In our most recent class periods, we have discussed the unceasing reemergence of racism in education even today. As we learned, Brown v. Board was an instrumental case that aimed to deconstruct segregation within educational realm. However, according to authors like Guiner in “From Racial Liberalism to Racial Literacy”, the case is now being interpreted as ambiguous and complicated. This is due to the lawyers on the case solely attacking segregation in school systems and attempting to break down barriers that separated the races. Now, though it appears on paper as if the state is evenly distributing goods to all races, this distribution becomes a matter of class and geography. That is, those who live in a better neighborhood or are wealthier are able to create better school systems than those who are lower class and minorities. This leads to a gap between minorities and lower class white people who cannot afford to have a better school system and the upper class white community who can. Desegregation may be occurring, but class and geography allows the persistence of whiteness as a property through new and subtler forms.
In an effort to learn a little more about how racism in education still resides, I took to Google. Literally, within the first Google search, I could see how racism is still present. One of the most astonishing, yet believable, articles I read was found in the Huffington Post. The article discussed Western Union Elementary School and the trouble it had recently (written in 2012) got itself into. In an effort to “celebrate” African culture, the school sent a note home to families asking students to wear “African American attire or animal print”. Additionally, the letter suggests students wear shirts with “animals native to Africa” on them such as zebras. The article then cites several blog post comments that individuals decided to share in regards to this situation. One states:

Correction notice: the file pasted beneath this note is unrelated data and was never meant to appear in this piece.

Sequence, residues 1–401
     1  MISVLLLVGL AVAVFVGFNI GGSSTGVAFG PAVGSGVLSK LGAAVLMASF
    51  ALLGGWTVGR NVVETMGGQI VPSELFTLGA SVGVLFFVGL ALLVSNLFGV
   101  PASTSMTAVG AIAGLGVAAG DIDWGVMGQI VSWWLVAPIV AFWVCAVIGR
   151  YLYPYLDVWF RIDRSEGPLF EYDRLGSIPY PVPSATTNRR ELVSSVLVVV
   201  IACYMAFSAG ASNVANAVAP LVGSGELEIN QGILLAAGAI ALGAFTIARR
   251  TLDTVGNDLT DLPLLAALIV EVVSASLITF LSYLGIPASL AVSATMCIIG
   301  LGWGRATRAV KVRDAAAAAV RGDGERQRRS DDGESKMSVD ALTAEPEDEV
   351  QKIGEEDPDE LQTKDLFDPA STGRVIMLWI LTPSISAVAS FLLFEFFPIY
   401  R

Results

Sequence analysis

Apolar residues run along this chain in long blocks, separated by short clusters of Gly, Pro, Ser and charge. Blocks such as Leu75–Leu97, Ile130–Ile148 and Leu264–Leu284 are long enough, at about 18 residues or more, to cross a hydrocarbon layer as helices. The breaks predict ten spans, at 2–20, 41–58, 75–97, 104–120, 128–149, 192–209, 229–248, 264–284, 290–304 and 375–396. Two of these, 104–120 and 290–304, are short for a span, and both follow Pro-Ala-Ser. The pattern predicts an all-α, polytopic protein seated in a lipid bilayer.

“What’s the point of celebrating -– or hell, even learning about -– diversity if school administrators are unable to ascertain the difference between Black, African American, and African? Or for that matter, the difference between black people and African animals?”
This article really struck me as important. People tend to look at big picture arguments against racism, but racism continues in smaller and more subtle ways as well. Little actions like this are ever present in our education system due to accepted societal norms such as phrases and taglines. Like this blog post implies, often times, people just do not understand the implications of their statements. Calling a woman of international descent “exotic”, or calling a black friend that is “practically white” an “Oreo” defines the that person and their race. It places them in a box, creates barriers and is a means of asserting dominance over them. Categorizing a person based off a stereotype confines them to a certain image, thus disabling their social mobility and freedom of identity. Acting a certain way should not categorize a person by their race; acting a certain way should be seen as that person just being themself. The elementary school obviously did not mean to equate the African American culture to that of animals, but situations like this exemplify the people not truly understanding what their actions and words can do to a person. Like Guiner explains, cases such as Brown v. Board focused on the idea of desegregating the community; however, the hurdle between whiteness and blackness is still subtlety impeding in places like our education system through accepted societal norms. Essentially, I am arguing subtle forms of racism still exist today and are prominent in school systems through phrases, slogans and tags. I am wondering how you all feel about this. Do you feel as if your school promoted these subtle forms as well? How does one counteract these forms? What other ways does racism exist in our school system? Should these statements actually be considered, in fact, subtle at all?